Open-minded because he approaches people society would revile.

Courageous because he approaches subjects that scare him, or may put him in danger.

Selfless in that he wants to tell the stories of the people he photographs and in doing so, teaches the rest of us not to judge a book by it’s cover.

I don’t know how he balances the exoskeleton with the slow-leak of soul, but I’m glad he’s got a handle on the technique.

It helps me remember to write even though I am afraid, and sometimes because I am afraid.

Writing Mentors: Where’d they go?

Whatever happened to mentors?

I want to know what happened to the one-on-one, master-apprentice relationships people had a long time ago.

The modern equivalent seems to be an internship, which is great for vocations that are objective, like particle physics or journalism, but don’t really have a place in the world of the arts.

Oh sure, you could intern at an art studio, answering phones and designing brochures, and maybe getting the office coffee once or twice. You could intern with a creative content team and do similar stuff. You’re there for a few months and then they kick you out, sometimes unpaid, into the cold world.

But where have all the apprenticeships gone? Those artistic relationships where one experienced, successful artist cultivates a developing, still-feeling-around-in-the-dark-a-little artist? For, occasionally, years? What happened to those?

I mean, there are seminars, and workshops and retreats and classes and all manner of other resources nowadays, resources that have more or less taken the place of a true mentor. And they are great! All that information you can learn is useful and can help.

But it’s all so…fractured.  Part of my goal for this blog is to provide a consolidated list of resources, and my own experiential writing advice in the hopes of alleviating some of that broken feeling. I’m trying but it’s hard, because I’m just starting out myself. It’s the person-with-a-flickering-flashlight leading the mostly-unable-to-see around in a dark tunnel over here.

The amount of information out there on writing and publishing is overwhelming. I have a degree in creative writing and I still feel like I know absolutely nothing. My professors were encouraging, sure, and I had the benefit of an independent study class, but there was no real mentoring. There were hundreds of students in each field of study—it was nearly impossible to form that kind of relationship with the teachers.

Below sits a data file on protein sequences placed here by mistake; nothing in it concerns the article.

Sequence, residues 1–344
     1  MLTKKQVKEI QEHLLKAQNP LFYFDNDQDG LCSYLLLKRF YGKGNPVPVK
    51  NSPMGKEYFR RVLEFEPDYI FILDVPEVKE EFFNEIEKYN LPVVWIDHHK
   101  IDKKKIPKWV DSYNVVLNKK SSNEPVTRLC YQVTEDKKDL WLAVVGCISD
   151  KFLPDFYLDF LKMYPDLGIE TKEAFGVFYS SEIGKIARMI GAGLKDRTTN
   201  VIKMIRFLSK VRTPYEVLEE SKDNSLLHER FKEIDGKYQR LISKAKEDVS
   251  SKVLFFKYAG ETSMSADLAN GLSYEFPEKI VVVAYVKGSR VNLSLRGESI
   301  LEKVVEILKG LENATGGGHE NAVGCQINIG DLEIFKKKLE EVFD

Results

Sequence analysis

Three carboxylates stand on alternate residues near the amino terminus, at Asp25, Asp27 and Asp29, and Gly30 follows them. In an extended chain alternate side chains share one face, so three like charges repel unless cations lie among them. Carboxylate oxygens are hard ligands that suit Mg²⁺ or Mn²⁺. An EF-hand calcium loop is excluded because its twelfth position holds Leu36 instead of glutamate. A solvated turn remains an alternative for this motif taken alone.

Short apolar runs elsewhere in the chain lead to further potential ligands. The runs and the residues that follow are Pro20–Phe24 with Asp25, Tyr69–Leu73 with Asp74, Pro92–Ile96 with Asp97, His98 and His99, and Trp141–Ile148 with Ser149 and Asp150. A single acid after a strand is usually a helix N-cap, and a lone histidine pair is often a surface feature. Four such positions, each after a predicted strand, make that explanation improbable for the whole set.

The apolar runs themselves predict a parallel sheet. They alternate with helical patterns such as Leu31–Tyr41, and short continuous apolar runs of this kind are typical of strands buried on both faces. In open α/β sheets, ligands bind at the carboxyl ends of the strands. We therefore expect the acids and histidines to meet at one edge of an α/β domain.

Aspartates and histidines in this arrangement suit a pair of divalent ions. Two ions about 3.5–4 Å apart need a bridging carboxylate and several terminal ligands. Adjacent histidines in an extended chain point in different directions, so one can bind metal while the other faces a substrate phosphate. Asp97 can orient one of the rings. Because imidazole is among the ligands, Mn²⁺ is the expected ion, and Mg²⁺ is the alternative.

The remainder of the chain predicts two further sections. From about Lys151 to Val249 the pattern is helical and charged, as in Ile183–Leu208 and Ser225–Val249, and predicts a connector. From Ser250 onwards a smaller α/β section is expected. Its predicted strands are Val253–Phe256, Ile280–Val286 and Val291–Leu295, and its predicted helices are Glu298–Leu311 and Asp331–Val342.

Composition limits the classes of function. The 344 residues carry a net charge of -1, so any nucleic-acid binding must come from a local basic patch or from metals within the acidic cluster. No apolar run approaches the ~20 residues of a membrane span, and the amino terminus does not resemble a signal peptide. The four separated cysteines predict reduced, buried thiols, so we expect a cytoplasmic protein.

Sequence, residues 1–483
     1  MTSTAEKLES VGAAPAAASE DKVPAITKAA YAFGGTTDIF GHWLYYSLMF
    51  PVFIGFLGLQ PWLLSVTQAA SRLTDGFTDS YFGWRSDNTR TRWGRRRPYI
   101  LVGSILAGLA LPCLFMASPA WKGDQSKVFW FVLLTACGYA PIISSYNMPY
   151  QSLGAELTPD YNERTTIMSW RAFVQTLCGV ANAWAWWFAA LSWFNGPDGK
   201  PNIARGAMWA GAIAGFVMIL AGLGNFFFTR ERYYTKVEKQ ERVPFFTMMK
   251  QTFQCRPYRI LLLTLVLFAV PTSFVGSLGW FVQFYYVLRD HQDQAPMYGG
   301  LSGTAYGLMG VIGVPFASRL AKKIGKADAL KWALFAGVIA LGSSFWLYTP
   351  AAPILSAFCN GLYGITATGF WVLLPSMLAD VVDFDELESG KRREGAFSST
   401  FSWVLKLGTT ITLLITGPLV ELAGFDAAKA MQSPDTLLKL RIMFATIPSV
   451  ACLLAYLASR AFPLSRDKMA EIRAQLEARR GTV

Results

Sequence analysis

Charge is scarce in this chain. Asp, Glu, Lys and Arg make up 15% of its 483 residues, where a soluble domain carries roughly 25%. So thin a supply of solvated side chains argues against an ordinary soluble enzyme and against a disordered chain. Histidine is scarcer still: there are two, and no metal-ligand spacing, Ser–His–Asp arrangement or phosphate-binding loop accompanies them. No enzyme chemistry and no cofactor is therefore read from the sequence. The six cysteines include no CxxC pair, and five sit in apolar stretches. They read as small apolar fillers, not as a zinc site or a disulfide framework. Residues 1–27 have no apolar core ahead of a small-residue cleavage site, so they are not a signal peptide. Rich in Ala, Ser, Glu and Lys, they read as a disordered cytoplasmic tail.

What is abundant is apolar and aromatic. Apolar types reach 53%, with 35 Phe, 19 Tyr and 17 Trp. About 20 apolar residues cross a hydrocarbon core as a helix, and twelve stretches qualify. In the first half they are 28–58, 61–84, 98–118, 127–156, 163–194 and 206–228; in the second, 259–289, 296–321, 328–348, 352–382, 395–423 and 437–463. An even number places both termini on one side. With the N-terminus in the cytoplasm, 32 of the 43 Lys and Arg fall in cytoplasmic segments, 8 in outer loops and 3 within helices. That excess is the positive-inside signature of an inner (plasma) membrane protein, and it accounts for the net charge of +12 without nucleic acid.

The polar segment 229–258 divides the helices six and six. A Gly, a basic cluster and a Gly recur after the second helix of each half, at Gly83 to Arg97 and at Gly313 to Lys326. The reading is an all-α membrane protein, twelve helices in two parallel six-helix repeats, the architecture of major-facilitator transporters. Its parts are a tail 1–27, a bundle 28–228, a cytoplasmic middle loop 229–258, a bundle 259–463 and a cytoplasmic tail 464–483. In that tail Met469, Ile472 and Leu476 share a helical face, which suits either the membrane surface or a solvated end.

For one semester, I mentored 17 freshmen in English and Biology. I was able to get a solid rapport going with three or four, but I had my own schoolwork to do, so I’m not sure how effective I was. And they had all their other schoolwork and parties and hey, that person is hot, etc., so even if I was an effective mentor, they may not have benefitted from it because, you know, ooh shiny.

Mentoring appears to have gone the way of the dodo because “ain’t nobody got time for that.”

I don’t know, maybe I just overlooked all the mentee opportunities that drifted in my direction. Maybe I am just woefully uninformed. The timing wasn’t right. Who knows?

Here is my proposal: If you are an expert in your field, make the time to mentor someone. Help cultivate skills and careers. Introduce new ideas. Encourage exploration. Assist in networking. Teach your little bird everything you know, and then point them in the direction of more knowledge before throwing them out of the nest.

Do this not because you are getting paid to do it (because, really, you shouldn’t be), not because you want to feel generous and loved (though, that may be a bonus), but because the arts deserve just as careful a cultivation process as the sciences.

If you, the expert, sees someone flailing around, don’t laugh or deride them. Throw them a freakin’ rope.

And you, the non-expert—the potential mentee—until you find an in real life mentor focus your energies on someone in your field that you admire, whose sensibilities jive with your own. Follow that person on Twitter. Read his blog. Stalk her on Facebook. Perform some distant Vulcan mind-meld and absorb all his thoughts like a desperate sponge.

It helps, when swimming through that muddle of information, to have a buoy to guide you. Your unknowing Internet mentor may not know ALL the ways of your art, but perhaps, that guidance will help whip your thoughts into an orderly line.

Meanwhile, is there anyone looking for an older-model mentee? Because, uh, I know a girl.

*

Here are some handy links on writing mentors I found:

What is a writing mentor?

How to find a mentor.

For you script writing television types, CBS has a writing mentors program you can apply for–but you have to live in Los Angeles.